Indian Ring Neck Bird?

Indian ringneck parakeets are quite popular companion birds, thanks in part to their beautiful coloring, medium size, and social nature. These birds are highly intelligent and enjoy learning new things. But they do require an attentive caretaker who can spend time handling them every day to keep them tame and prevent them from becoming bored. If you’re interested in bringing home one of these birds, first learn about some of the fascinating traits Indian ringneck parakeets possess.

During this phase, hormonal changes can increase a birds aggressive tendencies, such as hissing, biting, and general resistance to interaction. Wild Indian ringneck parakeets are normally mostly bright green with some blue tail feathers and yellow under their wings.

In fact, they were once considered sacred in their native environment based on their remarkable ability to mimic human speech. Long ago, religious leaders in India observed the birds repeating prayers that were recited daily in the gardens surrounding their places of worship.

How much do Indian ringnecks cost?

Pricing ranges from $400 to $500, though you can expect to pay up to $700 depending on the organization and the bird. If you’re going the breeder route, make sure that the breeder is reputable by asking them how long they’ve been breeding and working with Indian ringneck parakeets.

Is an Indian ringneck a good first bird?

In summary, Indian Ringnecks are enjoyed for their amazing beauty and fun personalities ; but they are not the easiest parrots to keep. We only recommend them to people who have had experience with larger parrots and are willing to put in the time and effort to keep them well socialized and entertained.

Are Indian ringnecks good birds?

Ringnecks still have a reputation of being somewhat nippy and difficult to tame. However, those who have grown to know these birds have found they can make loving pets when hand-fed as babies and properly socialized. Ringnecks that are handled every day by their caretakers generally have charming personalities.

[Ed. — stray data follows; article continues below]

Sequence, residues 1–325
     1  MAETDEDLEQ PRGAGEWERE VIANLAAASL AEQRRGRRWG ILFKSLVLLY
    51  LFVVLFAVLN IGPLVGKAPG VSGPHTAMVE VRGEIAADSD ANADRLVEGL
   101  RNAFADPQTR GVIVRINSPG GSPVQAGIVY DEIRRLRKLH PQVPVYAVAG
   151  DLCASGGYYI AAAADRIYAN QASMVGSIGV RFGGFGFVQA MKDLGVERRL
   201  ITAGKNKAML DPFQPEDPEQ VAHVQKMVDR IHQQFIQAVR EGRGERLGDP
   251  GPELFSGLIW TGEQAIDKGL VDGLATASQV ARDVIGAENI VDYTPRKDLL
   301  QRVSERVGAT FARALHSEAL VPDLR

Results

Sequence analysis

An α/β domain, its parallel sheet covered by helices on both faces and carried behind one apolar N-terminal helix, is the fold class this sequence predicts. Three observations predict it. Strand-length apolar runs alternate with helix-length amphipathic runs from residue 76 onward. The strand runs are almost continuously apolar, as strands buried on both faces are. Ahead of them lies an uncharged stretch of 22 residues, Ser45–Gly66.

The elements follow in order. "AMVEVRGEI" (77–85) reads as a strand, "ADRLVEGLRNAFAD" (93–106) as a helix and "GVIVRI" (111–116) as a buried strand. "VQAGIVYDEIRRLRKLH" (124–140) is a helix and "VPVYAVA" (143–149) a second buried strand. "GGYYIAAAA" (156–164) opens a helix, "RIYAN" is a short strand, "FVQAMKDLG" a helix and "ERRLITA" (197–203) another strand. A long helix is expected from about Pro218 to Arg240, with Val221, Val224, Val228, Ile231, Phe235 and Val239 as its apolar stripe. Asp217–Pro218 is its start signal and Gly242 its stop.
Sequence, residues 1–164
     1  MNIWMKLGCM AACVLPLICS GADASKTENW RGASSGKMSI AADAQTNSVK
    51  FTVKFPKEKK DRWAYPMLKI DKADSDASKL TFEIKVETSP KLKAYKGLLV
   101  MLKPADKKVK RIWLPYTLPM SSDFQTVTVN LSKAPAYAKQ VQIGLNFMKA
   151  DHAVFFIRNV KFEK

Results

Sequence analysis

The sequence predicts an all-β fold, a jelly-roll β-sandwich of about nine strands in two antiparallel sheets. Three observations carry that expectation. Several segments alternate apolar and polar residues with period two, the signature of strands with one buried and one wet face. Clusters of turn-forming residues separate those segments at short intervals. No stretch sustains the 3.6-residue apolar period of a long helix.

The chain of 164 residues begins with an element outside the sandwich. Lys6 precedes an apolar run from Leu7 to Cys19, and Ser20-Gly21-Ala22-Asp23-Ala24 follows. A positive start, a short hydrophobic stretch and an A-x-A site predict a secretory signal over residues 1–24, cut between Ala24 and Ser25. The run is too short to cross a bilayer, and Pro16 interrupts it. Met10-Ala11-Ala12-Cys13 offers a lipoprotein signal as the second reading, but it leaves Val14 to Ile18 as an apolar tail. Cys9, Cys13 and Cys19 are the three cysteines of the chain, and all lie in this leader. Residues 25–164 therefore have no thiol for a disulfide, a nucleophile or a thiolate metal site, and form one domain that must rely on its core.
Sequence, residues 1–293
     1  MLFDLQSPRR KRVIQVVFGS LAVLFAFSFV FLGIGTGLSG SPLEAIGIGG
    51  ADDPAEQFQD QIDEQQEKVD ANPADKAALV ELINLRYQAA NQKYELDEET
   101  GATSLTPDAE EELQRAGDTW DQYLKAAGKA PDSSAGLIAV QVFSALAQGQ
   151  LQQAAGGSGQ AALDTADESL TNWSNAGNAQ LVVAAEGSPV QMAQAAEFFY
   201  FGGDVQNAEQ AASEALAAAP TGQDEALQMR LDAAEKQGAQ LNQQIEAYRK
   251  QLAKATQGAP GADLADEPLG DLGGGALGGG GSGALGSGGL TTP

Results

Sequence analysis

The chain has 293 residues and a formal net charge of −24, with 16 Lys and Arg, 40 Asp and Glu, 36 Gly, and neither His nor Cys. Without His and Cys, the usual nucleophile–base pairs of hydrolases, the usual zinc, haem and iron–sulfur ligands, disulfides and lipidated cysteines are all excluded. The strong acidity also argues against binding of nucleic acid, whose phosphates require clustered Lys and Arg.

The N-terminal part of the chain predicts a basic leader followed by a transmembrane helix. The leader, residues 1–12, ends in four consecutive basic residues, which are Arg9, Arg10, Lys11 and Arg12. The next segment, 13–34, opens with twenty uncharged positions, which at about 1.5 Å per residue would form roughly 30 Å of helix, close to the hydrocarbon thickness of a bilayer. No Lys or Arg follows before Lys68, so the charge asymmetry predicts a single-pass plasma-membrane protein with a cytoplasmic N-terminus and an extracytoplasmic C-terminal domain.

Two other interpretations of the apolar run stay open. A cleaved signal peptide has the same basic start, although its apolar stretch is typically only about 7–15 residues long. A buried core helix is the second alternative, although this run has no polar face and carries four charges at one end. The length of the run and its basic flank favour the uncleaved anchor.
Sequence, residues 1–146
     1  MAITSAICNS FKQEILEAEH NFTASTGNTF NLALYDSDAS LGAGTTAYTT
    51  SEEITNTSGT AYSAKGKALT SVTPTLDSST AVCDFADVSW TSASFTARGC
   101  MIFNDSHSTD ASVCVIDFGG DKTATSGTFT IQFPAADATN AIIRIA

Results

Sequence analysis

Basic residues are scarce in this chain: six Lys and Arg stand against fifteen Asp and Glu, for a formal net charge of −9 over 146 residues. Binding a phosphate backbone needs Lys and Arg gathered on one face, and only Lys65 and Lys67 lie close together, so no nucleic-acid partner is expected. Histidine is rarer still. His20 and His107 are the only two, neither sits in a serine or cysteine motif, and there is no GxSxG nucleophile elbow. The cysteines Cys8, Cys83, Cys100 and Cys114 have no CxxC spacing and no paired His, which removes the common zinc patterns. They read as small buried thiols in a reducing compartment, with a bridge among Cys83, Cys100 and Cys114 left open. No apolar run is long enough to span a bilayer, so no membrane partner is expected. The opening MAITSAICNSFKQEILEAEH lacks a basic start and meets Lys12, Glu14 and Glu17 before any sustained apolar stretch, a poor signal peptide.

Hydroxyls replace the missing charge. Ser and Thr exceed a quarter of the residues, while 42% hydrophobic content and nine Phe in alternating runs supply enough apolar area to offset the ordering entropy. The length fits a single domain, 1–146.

How well do Indian ringneck parrots talk?

Though not all species of parrot are capable of talking, the Indian Ringneck parakeet is generally an excellent talker. Individual Ringnecks have been known to learn up to 250 words, making the breed an excellent choice for owners who want a talking bird.

The Indian Ringneck Parrot or Parakeet (Psittacula krameri manillensis – Bechstein, 1800) – is also sometimes referred to as Rose-ringed Parakeet or, simply, Ring-necked Parakeet.

Its closest cousin – the African Ringneck Parakeet – is found in West Africa to Southern Sudan. In order to maintain their friendly personalities and tameness, regular handling and socialization are a must for these birds.

The plumage of the Indian Ring Neck is apple green, although mutations in a range of other colors also exist. Their extensive native range now includes Pamban or Rameswaram Island (an island located between India and Sri Lanka), the Indian sub-continent, Pakistan, Afghanistan, Nepal, as well as the Burmese region to Cochinchina (the southern third of Vietnam. United States : Florida, California and Hawaii South America Europe: United Kingdom – the largest numbers are found around south London, with populations occurring in or around Battersea Park, Richmond Park, and Hampstead Heath.

Smaller flocks occur in Esher (South East England in the Greater London Urban Area), and Berkshire (South England); as well as Margate, Broadstairs and Ramsgate, Kent. Small groups are occasionally seen in Dorset, Kensington Gardens (London), South Manchester and Studland). Netherlands: Amsterdam, Rotterdam, Utrecht and The Hague Belgium: Brussels Germany: Occur along the Rhine in major urban areas, such as Cologne, Bonn, Ludwigshafen, and Heidelberg and Wiesbaden.

Also in northeastern Hamburg France: Around Paris Italy: Rome (in the gardens of the Palatine Hill and at Villa Borghese) Spain: Barcelona Africa: Tunis – the capital of Tunisia (the northernmost country in Africa); South Africa Middle East : Iran (mostly in northern Tehran); Lebanon, Israel, United Arab Emirates (UAE), Bahrain, Qatar, and Oman Japan: Hundreds of escaped pets established themselves in southwestern Tokyo, Chiba, Kanagawa, Aichi, Kyoto, Hiroshima Prefecture, Niigata, Tochigi, Saitama, Shizuoka, Gifu, Osaka, Ehime, Saga and Miyazaki Prefecture Australia The social Indian Ringnecks often congregate in large, noisy flocks at favorite roosting sites.